IMF senior official says restructuring is essential for country to avoid debt crisis
China needs to put more effort into resolving rising corporate debts in order to sustain growth in the medium to long run, a senior representative of the International Mone-tary Fund said on Monday.
“China truly stands out in implementing reform compared with other countries,” said Alfred Schipke, the IMF’s senior resident representative in China. “The nation’s contribution to world economic growth is still extremely large.”
Schipke said that “significant progress” has been made in rebalancing and reform, referring to progress made in policy adjustment at the top level. For example, reform of the Budget Law helps improve local governments’ bond budget transparency. There have also been efforts to bridge the gap between the central and local governments.
The IMF holds an optimistic near-term outlook for the nation’s economic growth, arguing that a hard landing is unlikely.
But, the rising debt issue is posing high risks for the nation in the longer term, especially since the nation now has an increasingly large, leveraged and interconnected financial system.
A recent report by the Bank for International Settlements, an international banking watchdog, showed that the credit-to-GDP gap, an indicator that measures the buildup of excessive credit, in China stood at 30.1 in the first quarter this year, by far the highest of all reporting countries.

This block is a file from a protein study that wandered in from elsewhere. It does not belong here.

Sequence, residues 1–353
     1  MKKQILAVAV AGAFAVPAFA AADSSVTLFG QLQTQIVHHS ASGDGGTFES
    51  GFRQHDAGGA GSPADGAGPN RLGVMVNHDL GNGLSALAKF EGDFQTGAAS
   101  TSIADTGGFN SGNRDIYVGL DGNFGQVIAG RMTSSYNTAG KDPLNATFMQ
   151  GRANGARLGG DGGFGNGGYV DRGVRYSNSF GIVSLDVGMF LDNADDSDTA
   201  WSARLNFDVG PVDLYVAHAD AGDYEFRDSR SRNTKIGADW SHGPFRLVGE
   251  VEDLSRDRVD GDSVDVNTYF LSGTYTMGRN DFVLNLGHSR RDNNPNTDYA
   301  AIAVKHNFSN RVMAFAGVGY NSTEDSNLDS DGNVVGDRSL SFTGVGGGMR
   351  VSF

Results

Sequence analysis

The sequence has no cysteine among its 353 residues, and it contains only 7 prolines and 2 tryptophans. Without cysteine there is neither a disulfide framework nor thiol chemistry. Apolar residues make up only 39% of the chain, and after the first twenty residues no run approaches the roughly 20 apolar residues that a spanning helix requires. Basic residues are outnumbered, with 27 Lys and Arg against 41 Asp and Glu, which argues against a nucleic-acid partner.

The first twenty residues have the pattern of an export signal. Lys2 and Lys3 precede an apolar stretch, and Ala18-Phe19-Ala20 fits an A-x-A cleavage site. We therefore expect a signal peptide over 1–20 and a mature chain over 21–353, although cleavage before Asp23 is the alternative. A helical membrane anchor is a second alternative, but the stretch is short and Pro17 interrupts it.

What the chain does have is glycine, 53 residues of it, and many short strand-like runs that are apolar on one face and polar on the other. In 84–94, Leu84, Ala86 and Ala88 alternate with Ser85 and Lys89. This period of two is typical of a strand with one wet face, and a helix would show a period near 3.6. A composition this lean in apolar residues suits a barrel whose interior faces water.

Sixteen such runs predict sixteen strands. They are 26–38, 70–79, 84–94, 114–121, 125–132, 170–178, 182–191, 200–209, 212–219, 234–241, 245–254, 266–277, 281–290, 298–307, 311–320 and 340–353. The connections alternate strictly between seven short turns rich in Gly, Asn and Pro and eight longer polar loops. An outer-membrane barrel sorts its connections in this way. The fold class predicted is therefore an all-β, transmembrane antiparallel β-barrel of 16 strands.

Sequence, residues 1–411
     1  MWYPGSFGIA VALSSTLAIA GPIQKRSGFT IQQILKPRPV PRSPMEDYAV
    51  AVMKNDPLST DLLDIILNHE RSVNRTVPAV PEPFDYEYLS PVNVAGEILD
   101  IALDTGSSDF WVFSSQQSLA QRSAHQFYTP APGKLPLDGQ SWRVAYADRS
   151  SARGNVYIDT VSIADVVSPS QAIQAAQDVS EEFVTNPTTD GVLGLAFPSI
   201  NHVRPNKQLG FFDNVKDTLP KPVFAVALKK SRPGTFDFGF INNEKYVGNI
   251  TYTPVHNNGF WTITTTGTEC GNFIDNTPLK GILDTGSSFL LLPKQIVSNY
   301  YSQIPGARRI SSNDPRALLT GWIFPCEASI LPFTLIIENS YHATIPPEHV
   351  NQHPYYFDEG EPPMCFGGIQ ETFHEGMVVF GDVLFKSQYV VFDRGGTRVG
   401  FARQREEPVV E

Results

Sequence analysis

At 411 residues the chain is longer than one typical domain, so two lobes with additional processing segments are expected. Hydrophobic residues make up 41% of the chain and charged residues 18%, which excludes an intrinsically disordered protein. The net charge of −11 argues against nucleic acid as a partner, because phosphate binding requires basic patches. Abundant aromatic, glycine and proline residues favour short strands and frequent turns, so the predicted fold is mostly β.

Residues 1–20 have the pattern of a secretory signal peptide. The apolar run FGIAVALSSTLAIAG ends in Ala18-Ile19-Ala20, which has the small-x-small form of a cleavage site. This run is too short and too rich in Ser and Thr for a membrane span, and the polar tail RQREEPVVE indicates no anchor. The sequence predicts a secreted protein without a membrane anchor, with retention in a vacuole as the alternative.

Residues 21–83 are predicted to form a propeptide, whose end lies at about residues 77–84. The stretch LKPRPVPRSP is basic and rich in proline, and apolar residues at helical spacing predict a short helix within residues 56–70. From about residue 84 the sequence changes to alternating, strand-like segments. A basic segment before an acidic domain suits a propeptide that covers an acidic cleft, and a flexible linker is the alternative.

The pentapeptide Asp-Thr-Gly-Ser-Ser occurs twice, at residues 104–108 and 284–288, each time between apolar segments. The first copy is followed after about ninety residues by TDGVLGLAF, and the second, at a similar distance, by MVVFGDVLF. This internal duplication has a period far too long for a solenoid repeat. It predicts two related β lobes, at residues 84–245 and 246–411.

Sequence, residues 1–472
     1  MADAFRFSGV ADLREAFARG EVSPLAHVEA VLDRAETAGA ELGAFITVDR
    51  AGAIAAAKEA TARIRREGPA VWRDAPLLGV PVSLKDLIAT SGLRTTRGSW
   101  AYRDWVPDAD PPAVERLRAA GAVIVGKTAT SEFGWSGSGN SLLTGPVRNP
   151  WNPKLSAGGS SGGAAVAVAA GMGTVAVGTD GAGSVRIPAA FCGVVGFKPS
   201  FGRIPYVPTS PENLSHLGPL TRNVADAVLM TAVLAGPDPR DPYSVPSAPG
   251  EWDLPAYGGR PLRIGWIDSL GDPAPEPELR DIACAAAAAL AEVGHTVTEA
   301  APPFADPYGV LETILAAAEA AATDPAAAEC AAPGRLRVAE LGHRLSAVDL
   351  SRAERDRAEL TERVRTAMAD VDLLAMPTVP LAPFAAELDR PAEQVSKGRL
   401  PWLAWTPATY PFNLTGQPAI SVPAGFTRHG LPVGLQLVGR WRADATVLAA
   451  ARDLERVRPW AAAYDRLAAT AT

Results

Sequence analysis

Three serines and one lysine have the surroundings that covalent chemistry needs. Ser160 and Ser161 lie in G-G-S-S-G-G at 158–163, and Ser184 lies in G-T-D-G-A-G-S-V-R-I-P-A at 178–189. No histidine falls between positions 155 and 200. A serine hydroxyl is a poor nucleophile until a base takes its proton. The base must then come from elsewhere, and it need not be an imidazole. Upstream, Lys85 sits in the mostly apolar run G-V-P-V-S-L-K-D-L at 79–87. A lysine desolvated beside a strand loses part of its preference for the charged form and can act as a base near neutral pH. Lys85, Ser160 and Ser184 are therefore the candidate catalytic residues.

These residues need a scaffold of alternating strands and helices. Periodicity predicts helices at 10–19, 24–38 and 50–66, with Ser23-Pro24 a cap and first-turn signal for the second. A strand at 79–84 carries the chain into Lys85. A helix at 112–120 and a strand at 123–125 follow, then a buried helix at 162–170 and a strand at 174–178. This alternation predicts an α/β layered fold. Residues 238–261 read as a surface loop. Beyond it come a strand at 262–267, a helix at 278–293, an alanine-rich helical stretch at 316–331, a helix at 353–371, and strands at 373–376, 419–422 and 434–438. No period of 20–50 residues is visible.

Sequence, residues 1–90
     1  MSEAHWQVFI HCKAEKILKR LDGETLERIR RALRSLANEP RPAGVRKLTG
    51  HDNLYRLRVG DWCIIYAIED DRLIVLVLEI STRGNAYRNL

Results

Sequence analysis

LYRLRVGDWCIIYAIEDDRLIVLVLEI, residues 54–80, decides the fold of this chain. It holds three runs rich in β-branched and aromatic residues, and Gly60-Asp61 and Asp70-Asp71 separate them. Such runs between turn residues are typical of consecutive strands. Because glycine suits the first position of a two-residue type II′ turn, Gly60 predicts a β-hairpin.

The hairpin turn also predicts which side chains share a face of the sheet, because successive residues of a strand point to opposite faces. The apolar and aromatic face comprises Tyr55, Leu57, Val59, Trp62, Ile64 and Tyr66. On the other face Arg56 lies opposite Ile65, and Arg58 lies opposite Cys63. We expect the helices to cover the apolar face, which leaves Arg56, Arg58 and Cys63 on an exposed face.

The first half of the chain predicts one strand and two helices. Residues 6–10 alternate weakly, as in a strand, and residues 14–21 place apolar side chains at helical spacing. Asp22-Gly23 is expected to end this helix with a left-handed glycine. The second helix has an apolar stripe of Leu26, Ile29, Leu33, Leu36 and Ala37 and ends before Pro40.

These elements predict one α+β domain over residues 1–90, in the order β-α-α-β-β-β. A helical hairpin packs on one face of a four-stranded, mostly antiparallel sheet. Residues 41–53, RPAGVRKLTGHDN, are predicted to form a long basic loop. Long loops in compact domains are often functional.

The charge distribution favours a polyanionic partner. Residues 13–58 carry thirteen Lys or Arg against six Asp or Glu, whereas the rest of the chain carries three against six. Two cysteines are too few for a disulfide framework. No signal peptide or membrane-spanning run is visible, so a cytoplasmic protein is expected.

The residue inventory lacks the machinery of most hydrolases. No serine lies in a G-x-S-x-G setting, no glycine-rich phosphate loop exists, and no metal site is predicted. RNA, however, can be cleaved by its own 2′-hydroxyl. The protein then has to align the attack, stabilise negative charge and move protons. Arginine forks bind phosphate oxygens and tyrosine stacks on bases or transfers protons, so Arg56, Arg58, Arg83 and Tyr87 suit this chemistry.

The corporate debt load is estimated to be 145 percent of GDP, which is a somewhat dangerous level, according to the IMF.
Although it is still controllable, Schipke suggested that it is essential to identify the good, bad and the ugly debts, recognize losses and share the burden.
In the meantime, the nation should also provide fiscal assistance to help retrain and resettle unemployed workers to maintain social stability.
Huang Yiping, a central bank adviser, shared similar concerns over potential risks to medium-term to long-term growth posed by rising debts.
Although deleveraging has been listed among the top five tasks this year by the central government, the efforts made in dealing with debt issues have yet to achieve progress, according to Huang.
He said that the nation has somehow fallen into a so-called high leverage trap, where the effort to deal with long-term issues is stymied by the negative impact to growth brought by short-term adjustment.
Huang said that is not too late to control the debt level, but it is urgent for government to press ahead with reform and with the restructuring of loss-making companies, allowing mergers and acquisitions based on market principles.